More From Populist Obama
I don't know if it's residual anger over the bondholder revolt or what, but the President does seem to be formulating some legitimate steps to regulate the financial industry. First off, he wants to deal with derivatives:
In its first detailed effort to overhaul financial regulations, the Obama administration on Wednesday sought new authority over the complex financial instruments, known as derivatives, that were a major cause of the financial crisis and have gone largely unregulated for decades.
The administration asked Congress to move quickly on legislation that would allow federal oversight of many kinds of exotic instruments, including credit-default swaps, the insurance contracts that caused the near-collapse of the American International Group.
The Treasury secretary, Timothy F. Geithner, said the measure should require swaps and other types of derivatives to be traded on exchanges or clearinghouses and backed by capital reserves, much like the capital cushions that banks must set aside in case a borrower defaults on a loan. Taken together, the rules would probably make it more expensive for issuers, dealers and buyers alike to participate in the derivatives markets.
As it is now, there are $70 trillion dollars exposed in the derivatives market, more than all the money in the world. Without the need to back up the exchange with capital ratios, these things happen. Traditionally, regulations like this hold for a few years until the Big Money Boyz figure out a way to get around them. But this would essentially stop dead the shadow banking system, a major element of the crisis.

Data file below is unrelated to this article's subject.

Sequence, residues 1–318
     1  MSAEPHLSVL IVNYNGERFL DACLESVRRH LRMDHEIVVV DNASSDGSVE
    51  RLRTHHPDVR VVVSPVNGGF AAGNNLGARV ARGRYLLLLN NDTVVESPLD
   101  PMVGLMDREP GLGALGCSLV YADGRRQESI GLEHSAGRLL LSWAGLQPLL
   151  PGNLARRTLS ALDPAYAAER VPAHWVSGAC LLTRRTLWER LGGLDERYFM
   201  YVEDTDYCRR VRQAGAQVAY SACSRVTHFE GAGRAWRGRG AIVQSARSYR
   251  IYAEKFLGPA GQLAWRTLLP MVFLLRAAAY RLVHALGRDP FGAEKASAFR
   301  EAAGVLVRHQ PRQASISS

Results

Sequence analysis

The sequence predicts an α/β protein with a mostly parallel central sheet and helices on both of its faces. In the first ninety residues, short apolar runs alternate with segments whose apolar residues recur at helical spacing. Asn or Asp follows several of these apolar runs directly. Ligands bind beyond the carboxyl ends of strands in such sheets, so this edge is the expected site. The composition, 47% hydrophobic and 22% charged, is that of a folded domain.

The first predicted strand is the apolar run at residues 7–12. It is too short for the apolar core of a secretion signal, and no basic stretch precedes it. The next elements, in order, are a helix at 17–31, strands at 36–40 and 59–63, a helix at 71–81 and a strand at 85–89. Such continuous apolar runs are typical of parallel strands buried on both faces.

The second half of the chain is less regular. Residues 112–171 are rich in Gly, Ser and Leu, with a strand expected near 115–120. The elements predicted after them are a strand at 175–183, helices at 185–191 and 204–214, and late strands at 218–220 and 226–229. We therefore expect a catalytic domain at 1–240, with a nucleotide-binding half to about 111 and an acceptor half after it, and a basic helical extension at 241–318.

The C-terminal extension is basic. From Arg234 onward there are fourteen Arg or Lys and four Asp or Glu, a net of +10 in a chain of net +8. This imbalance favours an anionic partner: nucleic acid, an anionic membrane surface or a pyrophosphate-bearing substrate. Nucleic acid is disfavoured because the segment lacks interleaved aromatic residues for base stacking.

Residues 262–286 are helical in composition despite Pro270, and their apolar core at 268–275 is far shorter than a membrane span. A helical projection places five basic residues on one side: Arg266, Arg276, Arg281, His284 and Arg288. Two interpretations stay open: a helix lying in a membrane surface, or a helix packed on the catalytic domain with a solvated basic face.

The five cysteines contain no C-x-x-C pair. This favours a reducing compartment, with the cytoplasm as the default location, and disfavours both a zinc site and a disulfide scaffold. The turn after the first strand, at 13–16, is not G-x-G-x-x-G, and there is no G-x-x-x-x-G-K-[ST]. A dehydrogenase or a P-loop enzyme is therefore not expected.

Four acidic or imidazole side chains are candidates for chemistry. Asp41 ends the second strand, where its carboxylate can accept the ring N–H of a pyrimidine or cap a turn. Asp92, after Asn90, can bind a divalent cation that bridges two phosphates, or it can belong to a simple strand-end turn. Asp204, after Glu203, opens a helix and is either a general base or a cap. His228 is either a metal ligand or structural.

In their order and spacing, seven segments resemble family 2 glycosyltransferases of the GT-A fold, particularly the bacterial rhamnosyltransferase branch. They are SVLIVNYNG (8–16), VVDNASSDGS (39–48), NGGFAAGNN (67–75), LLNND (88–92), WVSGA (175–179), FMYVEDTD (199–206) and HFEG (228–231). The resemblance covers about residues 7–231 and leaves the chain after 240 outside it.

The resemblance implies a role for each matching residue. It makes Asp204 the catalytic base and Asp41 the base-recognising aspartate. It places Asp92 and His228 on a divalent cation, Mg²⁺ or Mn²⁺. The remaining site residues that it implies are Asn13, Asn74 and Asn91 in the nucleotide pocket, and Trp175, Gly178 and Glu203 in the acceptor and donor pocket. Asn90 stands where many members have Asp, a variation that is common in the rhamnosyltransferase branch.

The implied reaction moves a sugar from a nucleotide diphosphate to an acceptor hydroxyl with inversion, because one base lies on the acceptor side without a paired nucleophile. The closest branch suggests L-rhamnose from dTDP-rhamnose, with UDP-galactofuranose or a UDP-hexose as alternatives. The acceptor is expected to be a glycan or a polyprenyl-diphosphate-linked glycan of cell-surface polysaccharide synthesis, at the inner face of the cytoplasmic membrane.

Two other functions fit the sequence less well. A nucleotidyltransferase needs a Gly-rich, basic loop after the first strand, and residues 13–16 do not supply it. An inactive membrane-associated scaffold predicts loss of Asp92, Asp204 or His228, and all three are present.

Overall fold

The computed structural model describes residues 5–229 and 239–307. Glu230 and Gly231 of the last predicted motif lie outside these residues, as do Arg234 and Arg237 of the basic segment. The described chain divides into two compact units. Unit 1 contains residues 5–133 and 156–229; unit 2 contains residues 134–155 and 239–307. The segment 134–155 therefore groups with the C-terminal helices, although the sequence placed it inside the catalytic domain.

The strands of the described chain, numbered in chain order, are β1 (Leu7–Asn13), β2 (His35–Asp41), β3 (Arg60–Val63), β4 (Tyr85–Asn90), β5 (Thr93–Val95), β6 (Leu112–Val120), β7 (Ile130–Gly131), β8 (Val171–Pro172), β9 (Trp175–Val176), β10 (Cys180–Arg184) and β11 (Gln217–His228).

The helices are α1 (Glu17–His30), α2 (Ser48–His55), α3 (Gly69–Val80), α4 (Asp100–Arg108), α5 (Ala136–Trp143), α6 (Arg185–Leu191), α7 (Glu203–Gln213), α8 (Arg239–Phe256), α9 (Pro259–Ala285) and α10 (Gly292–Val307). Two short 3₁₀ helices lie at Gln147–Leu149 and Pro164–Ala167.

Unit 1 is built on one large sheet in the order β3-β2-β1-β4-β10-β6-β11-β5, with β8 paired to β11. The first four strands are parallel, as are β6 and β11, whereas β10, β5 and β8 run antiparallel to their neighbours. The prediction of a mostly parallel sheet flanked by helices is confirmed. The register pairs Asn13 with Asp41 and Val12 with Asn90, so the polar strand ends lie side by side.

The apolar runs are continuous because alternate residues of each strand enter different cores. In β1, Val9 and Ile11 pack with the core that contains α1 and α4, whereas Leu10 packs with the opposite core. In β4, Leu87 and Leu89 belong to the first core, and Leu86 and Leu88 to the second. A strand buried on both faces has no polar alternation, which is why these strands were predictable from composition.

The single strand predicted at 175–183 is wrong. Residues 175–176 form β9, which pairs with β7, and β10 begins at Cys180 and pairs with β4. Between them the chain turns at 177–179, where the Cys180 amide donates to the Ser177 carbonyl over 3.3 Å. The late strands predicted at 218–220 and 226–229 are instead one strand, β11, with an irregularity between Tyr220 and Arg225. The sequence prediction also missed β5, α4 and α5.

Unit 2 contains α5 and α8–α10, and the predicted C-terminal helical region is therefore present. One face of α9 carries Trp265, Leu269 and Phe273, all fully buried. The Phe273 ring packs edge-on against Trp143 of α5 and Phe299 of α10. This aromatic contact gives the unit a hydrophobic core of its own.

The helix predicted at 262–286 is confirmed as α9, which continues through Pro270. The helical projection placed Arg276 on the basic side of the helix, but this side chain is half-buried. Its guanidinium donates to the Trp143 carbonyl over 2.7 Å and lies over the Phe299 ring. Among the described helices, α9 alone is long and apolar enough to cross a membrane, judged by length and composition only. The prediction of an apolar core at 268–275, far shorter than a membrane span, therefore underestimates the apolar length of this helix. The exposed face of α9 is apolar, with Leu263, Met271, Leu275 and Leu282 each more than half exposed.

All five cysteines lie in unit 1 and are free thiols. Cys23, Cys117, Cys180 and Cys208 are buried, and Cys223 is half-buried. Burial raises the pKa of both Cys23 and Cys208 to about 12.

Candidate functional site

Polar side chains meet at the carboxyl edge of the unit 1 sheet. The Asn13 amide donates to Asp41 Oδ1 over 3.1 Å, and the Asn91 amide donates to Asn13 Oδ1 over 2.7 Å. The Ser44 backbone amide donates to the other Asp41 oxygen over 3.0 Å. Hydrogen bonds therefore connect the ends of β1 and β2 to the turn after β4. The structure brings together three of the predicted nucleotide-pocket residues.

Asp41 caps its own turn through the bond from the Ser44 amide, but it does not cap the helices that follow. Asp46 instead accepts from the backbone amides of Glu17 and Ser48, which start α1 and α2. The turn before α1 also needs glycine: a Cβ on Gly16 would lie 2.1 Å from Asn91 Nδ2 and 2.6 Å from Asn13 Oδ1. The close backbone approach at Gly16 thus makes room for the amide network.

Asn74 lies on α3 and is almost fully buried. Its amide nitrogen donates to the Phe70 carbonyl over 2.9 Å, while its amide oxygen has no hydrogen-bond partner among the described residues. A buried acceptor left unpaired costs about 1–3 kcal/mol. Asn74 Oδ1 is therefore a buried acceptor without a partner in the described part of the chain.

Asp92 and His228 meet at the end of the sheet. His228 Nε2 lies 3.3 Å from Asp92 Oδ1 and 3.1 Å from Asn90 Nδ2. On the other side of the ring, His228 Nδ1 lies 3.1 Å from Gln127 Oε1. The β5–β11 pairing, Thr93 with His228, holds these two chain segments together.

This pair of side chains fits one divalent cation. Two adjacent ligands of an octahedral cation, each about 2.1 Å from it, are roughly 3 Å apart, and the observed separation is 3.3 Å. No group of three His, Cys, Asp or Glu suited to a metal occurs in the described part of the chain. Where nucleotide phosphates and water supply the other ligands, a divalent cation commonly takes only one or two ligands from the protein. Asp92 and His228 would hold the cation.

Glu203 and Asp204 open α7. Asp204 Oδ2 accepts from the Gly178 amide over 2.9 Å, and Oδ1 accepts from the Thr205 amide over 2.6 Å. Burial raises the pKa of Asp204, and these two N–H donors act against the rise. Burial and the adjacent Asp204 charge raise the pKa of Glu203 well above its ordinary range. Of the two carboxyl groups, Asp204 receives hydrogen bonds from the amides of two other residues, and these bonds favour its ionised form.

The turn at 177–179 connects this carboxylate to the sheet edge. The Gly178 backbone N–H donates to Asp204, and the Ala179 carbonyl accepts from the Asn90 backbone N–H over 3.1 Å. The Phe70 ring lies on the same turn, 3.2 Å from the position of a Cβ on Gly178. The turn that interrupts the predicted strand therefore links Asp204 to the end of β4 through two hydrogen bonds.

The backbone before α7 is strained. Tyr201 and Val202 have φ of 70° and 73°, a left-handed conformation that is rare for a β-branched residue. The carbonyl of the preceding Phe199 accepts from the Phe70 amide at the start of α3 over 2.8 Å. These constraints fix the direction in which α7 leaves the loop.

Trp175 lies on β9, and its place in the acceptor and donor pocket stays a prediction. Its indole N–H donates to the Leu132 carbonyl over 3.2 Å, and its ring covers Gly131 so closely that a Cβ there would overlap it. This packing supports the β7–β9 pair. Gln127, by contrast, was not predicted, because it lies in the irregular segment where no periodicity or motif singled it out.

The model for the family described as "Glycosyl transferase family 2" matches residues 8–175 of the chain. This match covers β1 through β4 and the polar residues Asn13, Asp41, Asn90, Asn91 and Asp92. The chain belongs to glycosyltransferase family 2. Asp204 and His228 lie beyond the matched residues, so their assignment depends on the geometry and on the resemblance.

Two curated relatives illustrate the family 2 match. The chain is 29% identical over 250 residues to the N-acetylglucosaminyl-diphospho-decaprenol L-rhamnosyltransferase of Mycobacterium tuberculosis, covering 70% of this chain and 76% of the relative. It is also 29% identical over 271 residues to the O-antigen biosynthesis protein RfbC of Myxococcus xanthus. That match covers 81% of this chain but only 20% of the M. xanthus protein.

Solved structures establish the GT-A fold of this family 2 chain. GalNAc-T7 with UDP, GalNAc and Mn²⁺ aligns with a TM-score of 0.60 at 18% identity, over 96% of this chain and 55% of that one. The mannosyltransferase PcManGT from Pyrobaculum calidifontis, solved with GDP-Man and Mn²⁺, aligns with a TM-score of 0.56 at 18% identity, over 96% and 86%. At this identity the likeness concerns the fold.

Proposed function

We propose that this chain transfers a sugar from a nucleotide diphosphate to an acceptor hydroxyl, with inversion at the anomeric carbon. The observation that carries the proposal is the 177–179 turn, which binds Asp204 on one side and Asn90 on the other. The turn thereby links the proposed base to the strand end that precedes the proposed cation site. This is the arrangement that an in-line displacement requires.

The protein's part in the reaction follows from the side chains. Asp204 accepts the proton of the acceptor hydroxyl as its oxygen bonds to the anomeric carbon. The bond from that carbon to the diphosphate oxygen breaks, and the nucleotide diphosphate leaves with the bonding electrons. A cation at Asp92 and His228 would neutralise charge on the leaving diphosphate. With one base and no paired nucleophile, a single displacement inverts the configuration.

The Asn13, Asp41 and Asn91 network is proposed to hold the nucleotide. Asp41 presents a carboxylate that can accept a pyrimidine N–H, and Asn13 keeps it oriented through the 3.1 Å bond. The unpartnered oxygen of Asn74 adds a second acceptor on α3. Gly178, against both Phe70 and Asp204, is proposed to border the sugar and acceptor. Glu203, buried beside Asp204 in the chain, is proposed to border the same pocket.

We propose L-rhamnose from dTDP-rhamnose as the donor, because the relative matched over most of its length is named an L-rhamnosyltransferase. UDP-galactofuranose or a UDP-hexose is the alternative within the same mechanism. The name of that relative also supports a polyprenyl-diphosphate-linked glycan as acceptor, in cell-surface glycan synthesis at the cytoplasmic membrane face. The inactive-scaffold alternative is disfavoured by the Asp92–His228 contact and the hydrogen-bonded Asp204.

And then we have the Big Kahuna: CEO compensation, and a real effort to limit executive pay:
Obama Administration officials are contemplating a major overhaul of the compensation practices in the financial services industry, moving beyond banks to include more loosely regulated hedge funds and private equity firms.
Federal policymakers have been discussing ways to ensure that pay is more closely linked to performance.
Among the ideas under consideration are incorporating compensation as a “safety and soundness” concern on official bank examinations as well as expanding the existing regulatory powers of the Securities and Exchange Commission and Federal Reserve to obtain more information.
Obviously the issue with regulation is who the regulators are. We had plenty of regulations on the books that could have mitigated the financial crisis, but the regulators looked the other way. I mean, the NY Fed apparently knew about the AIG bonuses when Tim Geithner was at the helm. So while I appreciate the attempt, I have to see some teeth out of the oversight before I believe it will solve the problem.